Angeline Ong Core Yoga - The Important to strengthen your core and gluteus muscles for a good body alignment and healthy spine


Core Yoga to strengthen your core and gluteus muscles for a good body alignment and healthy spine. Improving your body alignment not only can ease muscles pain and make your exercise more efficient, it will fix your imbalances body shape. Body alignment refers to the positioning of your body segments such as to how the head, shoulders, spine, hips, knees and ankles relate and line up with each other. A proper static and dynamic alignment of the body puts less stress on the spine and helps you have good posture. Knowing how to move, sit and stand properly can help you stay active and prevent broken bones and disability.

You need to keep your muscles active and engage the whole time to maintain an ideal standing alignment is a position in which the head, torso, pelvis are aligned above one another and above the feet

Check your body alignment from the side standing view
• Earlobe
• Head above shoulders, not jutting forward
• Scapulae neutral and shoulders open, not rolled forward
• Middle of the rib cage
• Spine with normal curve
• Pelvis neutral, not anteriorly or posteriorly tilted
• Projection on lateral femur
• The area just in front of the middle of the knee
• Knees straight but not locked or straightened so far they bow backward
• The area just in front of the ankle
• Feet neutral, not rolled in (pronated) or out (supinated)
 
  
   

206 bones of the human skeleton that help determine alignment. The axial skeleton forms the central upright axis of the body to which the limbs are attached. The axial skeleton is made up of the skull, vertebral column, ribs, and sternum.
 
 
The appendicular skeleton consists of the bones that make up the limbs, or appendages. The appendicular skeleton has two subdivisions: the paired upper extremities and the paired lower extremities. 2 upper extremities - one clavicle (collarbone); one scapula (shoulder blade); one humerus (upper arm bone); one radius and one ulna (the forearm bones); and eight carpals, five metacarpals, and 14 phalanges (the bones of the hand). 2 lower extremities - one os coxae (hip bone); one femur (thigh bone); one tibia (shinbone) and one fibula (the smaller bone in the lower leg); and seven tarsals, five metatarsals, and 14 phalanges (the bones of the foot). Adult hip bone is made up of three fused bones: the ilium, ischium, and pubis.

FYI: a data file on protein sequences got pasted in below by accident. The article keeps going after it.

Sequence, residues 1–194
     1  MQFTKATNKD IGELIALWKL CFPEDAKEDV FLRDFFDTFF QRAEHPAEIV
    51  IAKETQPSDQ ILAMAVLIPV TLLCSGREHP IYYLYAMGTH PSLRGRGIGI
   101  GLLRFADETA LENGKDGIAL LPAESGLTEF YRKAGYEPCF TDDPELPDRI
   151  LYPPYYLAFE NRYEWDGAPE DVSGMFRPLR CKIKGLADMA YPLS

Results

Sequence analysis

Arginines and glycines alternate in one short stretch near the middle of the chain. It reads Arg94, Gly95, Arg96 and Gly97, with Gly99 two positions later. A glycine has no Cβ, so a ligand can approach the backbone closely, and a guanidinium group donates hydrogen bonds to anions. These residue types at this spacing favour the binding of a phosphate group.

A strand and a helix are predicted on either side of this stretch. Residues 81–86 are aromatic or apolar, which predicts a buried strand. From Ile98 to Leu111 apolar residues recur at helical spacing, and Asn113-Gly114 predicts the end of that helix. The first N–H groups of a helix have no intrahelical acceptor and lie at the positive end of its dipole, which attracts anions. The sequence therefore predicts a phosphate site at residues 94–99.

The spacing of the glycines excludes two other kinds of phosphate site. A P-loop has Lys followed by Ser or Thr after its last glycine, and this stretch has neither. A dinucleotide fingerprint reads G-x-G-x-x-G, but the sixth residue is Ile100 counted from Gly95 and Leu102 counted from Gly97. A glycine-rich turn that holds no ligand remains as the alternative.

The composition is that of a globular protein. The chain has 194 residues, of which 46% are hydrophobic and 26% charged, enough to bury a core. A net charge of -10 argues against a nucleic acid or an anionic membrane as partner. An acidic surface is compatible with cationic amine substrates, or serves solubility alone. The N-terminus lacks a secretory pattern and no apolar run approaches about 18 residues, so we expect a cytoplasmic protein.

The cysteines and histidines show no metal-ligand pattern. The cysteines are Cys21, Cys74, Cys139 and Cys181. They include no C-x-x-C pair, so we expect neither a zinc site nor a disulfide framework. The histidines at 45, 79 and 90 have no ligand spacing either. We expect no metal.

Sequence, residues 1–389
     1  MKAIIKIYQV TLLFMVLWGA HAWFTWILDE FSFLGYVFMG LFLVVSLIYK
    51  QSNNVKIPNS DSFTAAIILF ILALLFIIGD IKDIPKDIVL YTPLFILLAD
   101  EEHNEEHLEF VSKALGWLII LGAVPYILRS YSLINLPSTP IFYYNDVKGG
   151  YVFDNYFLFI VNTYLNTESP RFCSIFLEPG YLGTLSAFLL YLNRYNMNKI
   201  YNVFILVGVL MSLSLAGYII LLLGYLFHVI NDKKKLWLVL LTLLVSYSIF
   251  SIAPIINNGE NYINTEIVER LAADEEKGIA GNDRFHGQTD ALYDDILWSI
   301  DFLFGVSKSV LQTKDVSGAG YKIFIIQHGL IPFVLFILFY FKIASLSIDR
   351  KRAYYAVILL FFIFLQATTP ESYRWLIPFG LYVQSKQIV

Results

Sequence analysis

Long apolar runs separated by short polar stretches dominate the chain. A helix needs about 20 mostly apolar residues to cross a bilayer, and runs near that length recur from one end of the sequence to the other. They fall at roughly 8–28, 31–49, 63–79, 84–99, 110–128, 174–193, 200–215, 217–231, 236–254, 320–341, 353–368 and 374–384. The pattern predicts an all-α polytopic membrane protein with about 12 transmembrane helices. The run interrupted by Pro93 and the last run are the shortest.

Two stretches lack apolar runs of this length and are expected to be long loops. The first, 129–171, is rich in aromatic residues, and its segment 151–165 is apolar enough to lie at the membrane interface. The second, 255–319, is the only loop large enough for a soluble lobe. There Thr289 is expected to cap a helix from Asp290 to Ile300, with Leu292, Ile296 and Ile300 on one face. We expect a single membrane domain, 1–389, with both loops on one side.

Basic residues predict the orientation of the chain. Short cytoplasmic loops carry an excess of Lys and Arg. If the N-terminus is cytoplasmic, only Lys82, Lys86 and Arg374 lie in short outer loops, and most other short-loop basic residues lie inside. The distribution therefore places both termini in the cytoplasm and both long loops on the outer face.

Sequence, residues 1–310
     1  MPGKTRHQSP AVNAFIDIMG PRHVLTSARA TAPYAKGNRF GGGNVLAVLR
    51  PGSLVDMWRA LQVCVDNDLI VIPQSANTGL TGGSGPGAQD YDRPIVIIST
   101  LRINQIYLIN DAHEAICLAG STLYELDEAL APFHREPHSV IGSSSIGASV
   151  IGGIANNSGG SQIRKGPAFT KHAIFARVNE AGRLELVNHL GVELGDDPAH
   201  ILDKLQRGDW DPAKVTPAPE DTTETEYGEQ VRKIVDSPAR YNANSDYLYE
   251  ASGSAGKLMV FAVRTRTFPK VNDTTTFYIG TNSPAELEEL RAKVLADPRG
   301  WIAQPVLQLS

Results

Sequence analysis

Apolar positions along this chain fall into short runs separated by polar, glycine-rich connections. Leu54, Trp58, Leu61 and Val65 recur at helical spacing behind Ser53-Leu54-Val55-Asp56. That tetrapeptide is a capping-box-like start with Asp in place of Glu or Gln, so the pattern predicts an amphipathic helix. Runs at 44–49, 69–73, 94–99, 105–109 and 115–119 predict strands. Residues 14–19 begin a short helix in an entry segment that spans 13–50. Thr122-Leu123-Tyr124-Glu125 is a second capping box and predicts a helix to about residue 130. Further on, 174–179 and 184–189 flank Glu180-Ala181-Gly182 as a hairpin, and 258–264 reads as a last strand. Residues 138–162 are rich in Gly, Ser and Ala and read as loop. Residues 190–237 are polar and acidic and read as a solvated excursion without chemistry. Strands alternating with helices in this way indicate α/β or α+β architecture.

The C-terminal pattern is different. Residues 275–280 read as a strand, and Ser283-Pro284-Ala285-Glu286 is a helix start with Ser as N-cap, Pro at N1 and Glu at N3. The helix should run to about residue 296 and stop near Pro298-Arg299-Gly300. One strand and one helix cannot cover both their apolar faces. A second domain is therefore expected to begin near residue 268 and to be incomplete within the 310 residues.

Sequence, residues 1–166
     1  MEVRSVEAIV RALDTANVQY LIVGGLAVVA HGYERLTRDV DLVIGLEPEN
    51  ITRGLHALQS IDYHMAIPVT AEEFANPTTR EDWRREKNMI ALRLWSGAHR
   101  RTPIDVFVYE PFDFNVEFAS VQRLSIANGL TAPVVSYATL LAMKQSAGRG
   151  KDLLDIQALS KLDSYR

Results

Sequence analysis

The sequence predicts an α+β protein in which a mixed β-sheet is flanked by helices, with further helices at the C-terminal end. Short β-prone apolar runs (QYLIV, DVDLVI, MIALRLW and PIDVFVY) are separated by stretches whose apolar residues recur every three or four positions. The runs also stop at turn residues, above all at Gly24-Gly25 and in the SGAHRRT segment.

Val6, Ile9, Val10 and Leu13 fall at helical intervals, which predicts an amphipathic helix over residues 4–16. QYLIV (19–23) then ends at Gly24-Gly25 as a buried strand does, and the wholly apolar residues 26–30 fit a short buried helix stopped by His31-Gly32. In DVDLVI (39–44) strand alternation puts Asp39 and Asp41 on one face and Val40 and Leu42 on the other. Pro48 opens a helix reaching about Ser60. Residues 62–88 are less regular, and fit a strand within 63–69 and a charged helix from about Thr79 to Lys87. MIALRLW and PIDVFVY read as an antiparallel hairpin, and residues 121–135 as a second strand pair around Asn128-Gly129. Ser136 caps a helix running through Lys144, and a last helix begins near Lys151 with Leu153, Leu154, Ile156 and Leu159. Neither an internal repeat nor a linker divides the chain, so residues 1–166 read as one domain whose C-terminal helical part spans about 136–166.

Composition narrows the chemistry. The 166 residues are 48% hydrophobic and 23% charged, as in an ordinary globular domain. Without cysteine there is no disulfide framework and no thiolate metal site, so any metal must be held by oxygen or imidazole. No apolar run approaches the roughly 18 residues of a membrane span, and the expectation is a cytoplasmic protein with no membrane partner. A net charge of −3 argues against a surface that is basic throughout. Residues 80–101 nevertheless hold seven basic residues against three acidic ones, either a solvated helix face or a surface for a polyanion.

The spine provides the primary movement, stability, and body alignment. Spine movements utilized in Core Yoga - Spine flexion refers to a forward bending. Spine extension describes a straightening of the spine from a flexed position or movement backward in between straight. Spine lateral flexion - bending the spine sideways. Spine rotation - rotating the head or upper trunk one side
 
Abdominals and spinal extensors are the primary muscles of the spine; and the iliopsoas and quadratus lumborum also play a major role in certain circumstances.

The abdominals enhance movement technique, improve posture and reduce the risk of back injuries. The transverse abdominal muscle is generally the deepest abdominal muscle. Its fibers run in an approximately horizontal direction across the abdomen. Tranverse abdominal primary function is acting as corset to hold our postural, with its contraction results in pulling the abdominal wall inward and compressing the abdominal contents. Transversus abdominis play a major role in protecting the spine, automatically contracting to help stabilize the healthy spine and pelvis just before movements of the limbs.